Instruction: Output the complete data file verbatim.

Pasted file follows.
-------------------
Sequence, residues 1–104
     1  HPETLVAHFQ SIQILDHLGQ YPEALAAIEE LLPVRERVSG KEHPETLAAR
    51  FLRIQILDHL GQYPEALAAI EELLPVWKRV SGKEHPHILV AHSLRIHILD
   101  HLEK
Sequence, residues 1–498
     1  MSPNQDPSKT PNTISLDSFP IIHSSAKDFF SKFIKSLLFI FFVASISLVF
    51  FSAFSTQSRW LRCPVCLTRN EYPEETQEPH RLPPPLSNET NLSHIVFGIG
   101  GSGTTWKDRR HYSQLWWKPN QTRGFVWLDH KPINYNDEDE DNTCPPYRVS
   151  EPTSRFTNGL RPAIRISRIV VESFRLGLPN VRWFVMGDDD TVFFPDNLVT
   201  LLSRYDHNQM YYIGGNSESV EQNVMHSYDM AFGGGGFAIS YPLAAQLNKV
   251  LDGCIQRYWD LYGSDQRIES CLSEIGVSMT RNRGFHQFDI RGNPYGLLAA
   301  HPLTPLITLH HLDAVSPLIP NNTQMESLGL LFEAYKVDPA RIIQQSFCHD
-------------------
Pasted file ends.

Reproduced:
Sequence, residues 1–104
     1  HPETLVAHFQ SIQILDHLGQ YPEALAAIEE LLPVRERVSG KEHPETLAAR
    51  FLRIQILDHL GQYPEALAAI EELLPVWKRV SGKEHPHILV AHSLRIHILD
   101  HLEK
Sequence, residues 1–498
     1  MSPNQDPSKT PNTISLDSFP IIHSSAKDFF SKFIKSLLFI FFVASISLVF
    51  FSAFSTQSRW LRCPVCLTRN EYPEETQEPH RLPPPLSNET NLSHIVFGIG
   101  GSGTTWKDRR HYSQLWWKPN QTRGFVWLDH KPINYNDEDE DNTCPPYRVS
   151  EPTSRFTNGL RPAIRISRIV VESFRLGLPN VRWFVMGDDD TVFFPDNLVT
   201  LLSRYDHNQM YYIGGNSESV EQNVMHSYDM AFGGGGFAIS YPLAAQLNKV
   251  LDGCIQRYWD LYGSDQRIES CLSEIGVSMT RNRGFHQFDI RGNPYGLLAA
   301  HPLTPLITLH HLDAVSPLIP NNTQMESLGL LFEAYKVDPA RIIQQSFCHD